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Edith's Stein conception of the person within the context of the phenomenological movement
In philosophy, personhood is normally discussed from the perspective of unity or identity. Early phenomenological research on this topic was no exception. Upon closer inspection, though, it turns out that the topic of the unity of the person undergoes a noteworthy transformation there. The following study is guided by the thesis that the structure of personhood becomes fundamentally more dynamic so that the talk of "unity" requires a rethinking of what one means by "unity." The following study will (1) begin by identifying the starting point for Stein's definition of the person in her lectures on "The Construction of the Human Person" from 1932/33 and compare it to Husserl's basic ideas in Ideas II, then (2) examine Scheler's remarks on the topic in his Formalism in Ethics and Non-formal Ethics of Value from 1913, before (3) returning to Stein's approach once again, against the background of Scheler's and Husserl's expositions of the problem, exhibiting the perspectives that her definition of the person and its unity open up and that represent an advance over their thinking on the matter.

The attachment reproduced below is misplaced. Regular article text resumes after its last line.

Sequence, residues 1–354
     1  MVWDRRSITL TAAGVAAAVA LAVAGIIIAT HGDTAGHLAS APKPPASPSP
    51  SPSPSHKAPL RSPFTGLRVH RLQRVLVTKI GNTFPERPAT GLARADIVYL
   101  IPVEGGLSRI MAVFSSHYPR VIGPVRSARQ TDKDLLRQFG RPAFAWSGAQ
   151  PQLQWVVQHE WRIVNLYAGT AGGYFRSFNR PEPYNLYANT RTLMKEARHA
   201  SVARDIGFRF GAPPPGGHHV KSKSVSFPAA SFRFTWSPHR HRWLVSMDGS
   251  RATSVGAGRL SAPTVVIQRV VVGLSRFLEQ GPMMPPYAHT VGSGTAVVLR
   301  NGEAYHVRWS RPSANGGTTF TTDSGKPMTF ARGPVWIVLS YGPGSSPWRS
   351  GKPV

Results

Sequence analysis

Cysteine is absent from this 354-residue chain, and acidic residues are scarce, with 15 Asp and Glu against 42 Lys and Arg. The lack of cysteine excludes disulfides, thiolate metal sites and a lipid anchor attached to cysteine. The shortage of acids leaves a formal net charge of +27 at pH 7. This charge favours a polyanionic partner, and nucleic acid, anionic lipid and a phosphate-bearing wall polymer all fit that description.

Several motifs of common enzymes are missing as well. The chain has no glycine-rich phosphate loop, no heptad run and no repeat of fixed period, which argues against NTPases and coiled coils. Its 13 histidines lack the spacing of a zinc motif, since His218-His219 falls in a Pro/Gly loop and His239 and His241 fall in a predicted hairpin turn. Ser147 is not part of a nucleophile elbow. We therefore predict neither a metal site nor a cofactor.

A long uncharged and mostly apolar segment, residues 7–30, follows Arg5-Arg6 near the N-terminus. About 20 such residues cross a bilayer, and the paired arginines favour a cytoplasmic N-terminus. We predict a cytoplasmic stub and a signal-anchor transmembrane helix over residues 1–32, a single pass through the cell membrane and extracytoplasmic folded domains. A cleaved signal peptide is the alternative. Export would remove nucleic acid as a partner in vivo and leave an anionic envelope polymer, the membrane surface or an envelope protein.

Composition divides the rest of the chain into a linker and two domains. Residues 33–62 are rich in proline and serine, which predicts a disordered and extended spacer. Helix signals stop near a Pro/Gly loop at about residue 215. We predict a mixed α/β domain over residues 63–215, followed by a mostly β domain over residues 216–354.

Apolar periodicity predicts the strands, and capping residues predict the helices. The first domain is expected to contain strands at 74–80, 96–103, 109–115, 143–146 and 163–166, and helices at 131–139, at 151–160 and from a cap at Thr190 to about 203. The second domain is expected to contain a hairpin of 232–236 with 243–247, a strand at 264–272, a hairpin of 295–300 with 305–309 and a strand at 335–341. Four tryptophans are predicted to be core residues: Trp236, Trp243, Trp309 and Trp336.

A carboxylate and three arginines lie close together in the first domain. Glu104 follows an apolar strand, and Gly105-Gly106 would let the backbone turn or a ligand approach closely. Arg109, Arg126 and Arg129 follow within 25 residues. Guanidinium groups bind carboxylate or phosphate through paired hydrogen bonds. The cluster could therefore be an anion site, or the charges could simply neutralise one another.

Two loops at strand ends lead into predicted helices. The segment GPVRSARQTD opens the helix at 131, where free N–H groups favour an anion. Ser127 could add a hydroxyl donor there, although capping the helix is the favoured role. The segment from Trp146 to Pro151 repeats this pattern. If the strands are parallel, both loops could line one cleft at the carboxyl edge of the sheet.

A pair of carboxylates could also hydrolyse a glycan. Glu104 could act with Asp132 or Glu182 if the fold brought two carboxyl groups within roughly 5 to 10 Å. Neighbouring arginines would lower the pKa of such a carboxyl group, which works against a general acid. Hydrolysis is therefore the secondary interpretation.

Sepp, H.R. (2017)., Edith's Stein conception of the person within the context of the phenomenological movement, in E. Magrì & D. Moran (eds.), Empathy, sociality, and personhood, Dordrecht, Springer, pp. 49-62.
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